“In discussing the Apostle Paul, the historian is dealing with a subject important for its own sake, even aside from the importance of what if presupposes about Jesus. Unquestionable, Paul was a notable man whose influence has been felt throughout all subsequent history. That influence has been exerted in two ways. It was exerted, in the first place, during the lifetime of Paul; and it has been exerted, in the second place, upon subsequent generations through the medium of the Pauline Epistles.” Dr. J. Gresham Machen
Beginning this study of the life, conversion, ministry and theology of the Apostle Paul, I became curious as to what were his most common statements when identifying himself? How did he view himself? What words did he most frequently use to summarize his life, ministry and theology following his conversion?
I began to read each of Paul’s Epistles in order to glean from his opening statements the answers I sought for the questions I had. What follows is what I discovered.
- “Paul, a servant of Christ Jesus, called to be an apostle, set apart for the gospel of God.” (Romans 1:1).
- “Paul, called by the will of God to be an apostle of Christ Jesus,” (I Corinthians 1:1).
- “Paul, an apostle of Christ Jesus by the will of God,” (2 Corinthians 1:1).
- “Paul, an apostle—not from men nor through man, but through Jesus Christ and God the Father, who raised him from the dead— “(Galatians 1:1).
- “Paul, an apostle of Christ Jesus by the will of God,” (Ephesians 1:1).
- “Paul and Timothy, servants of Christ Jesus,” (Philippians 1:1).
- “Paul, an apostle of Christ Jesus by the will of God, and Timothy our brother,” (Colossians 1:1).
- “Paul, Silvanus, and Timothy,” (1 Thessalonians 1:1).
- “Paul, Silvanus, and Timothy,” (2 Thessalonians 1:1).
- “Paul, an apostle of Christ Jesus by command of God our Savior and of Christ Jesus our hope,” (1 Timothy 1:1).
- “Paul, an apostle of Christ Jesus by the will of God according to the promise of the life that is in Christ Jesus,” (2 Timothy 1:1).
- “Paul, a servant of God and an apostle of Jesus Christ, for the sake of the faith of God’s elect and their knowledge of the truth, which accords with godliness,” (Titus 1:1)
- “Paul, a prisoner for Christ Jesus, and Timothy our brother,” (Philemon 1).
First, Paul’s most frequent self-identification is the word apostle. An apostle, from the Greek word ἀπόστολος; apostolos, means, in a general sense, a special messenger, an envoy, or an individual who is sent by someone to herald a message. This word is found in nine introductions of Paul’s 13 epistles.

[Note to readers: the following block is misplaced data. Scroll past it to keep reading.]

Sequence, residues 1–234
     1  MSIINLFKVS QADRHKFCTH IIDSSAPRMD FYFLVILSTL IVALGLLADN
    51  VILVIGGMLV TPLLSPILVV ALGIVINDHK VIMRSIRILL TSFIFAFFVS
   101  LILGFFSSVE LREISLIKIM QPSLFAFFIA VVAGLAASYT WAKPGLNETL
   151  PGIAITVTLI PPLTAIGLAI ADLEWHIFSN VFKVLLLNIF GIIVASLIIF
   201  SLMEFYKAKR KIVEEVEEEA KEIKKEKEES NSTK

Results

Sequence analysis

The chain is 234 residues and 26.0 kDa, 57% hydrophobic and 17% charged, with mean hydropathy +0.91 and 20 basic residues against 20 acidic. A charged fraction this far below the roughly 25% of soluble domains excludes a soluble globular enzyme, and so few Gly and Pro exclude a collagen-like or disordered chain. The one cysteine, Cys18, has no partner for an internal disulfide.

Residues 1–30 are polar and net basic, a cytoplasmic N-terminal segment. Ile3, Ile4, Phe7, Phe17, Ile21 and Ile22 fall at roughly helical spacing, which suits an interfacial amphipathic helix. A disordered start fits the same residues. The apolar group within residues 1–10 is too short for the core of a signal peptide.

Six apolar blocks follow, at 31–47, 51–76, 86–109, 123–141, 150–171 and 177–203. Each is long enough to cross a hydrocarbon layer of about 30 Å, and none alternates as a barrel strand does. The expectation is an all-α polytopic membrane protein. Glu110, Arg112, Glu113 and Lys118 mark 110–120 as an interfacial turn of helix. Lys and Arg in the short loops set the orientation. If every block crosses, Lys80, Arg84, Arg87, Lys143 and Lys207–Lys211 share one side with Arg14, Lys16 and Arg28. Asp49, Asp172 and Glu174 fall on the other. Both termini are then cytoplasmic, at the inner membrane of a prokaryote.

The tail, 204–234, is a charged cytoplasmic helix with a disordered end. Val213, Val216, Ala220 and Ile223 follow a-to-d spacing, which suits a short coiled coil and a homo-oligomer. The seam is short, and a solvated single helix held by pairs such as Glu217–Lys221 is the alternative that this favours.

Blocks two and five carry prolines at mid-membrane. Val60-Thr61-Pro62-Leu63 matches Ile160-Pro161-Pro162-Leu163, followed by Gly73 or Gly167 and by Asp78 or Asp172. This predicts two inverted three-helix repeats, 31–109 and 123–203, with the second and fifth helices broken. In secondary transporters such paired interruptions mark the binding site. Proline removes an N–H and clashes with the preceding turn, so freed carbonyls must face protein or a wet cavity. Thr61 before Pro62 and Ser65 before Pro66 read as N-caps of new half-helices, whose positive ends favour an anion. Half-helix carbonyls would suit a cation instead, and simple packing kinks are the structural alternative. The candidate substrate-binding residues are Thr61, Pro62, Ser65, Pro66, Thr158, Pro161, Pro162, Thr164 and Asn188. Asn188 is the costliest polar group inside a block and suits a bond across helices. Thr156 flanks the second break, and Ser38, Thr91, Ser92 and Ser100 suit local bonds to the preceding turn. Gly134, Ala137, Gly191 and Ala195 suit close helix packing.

However, the word apostle also refers to a select number of individuals who held the office of apostle. It was a select and restricted group, the exact number variously totaled (Matthew 10:2; Acts 1:2, 26; Acts 14:14; 1Corinthians 12:28, 29). It also should be noted that the office and responsibility of an apostle was sourced and originated from God alone.
It should be observed that both the office, and function, of apostle was obtained at the discretion of the individual. You did not apply or volunteer to be an apostle. God sovereignly called individuals to be an apostle. Paul frequently used the phrase “by the will or command of God” to properly convey the idea that the position and responsibility he had was not his own choice, but rather the LORD’s.
The second most frequent title Paul used in referring to himself was the word servant. In all occurrences (Romans 1:1; Galatians 1:1; Philippians 1:1; Titus 1:1), the word for servant is the Greek word δοῦλος; doulos meaning a willing slave or bondservant. Like the word apostle, Paul referred to himself as a servant belonging solely to God the Father and the Lord Jesus Christ.
The third and final designation was the word prisoner. A prisoner (δέσμιος; desmios) refers to one under arrest (Matthew 27:15; Mark 15:6; Acts 16:25; 23:18; 25:14; Ephesians 3:1; 4:1; 2Timothy 1:8; Philemon 1, 9). In Paul’s case. He was arrested by either the Roman of Jewish governments. His crime was for preaching the gospel of Jesus Christ.
All three designations were used by Paul to communicate a humble servant who God called for a particular task and responsibility. Our perspective in serving the LORD should be the same. Let us seek to follow the example of the Apostle Paul, who followed the example of Jesus Christ.
Soli deo Gloria!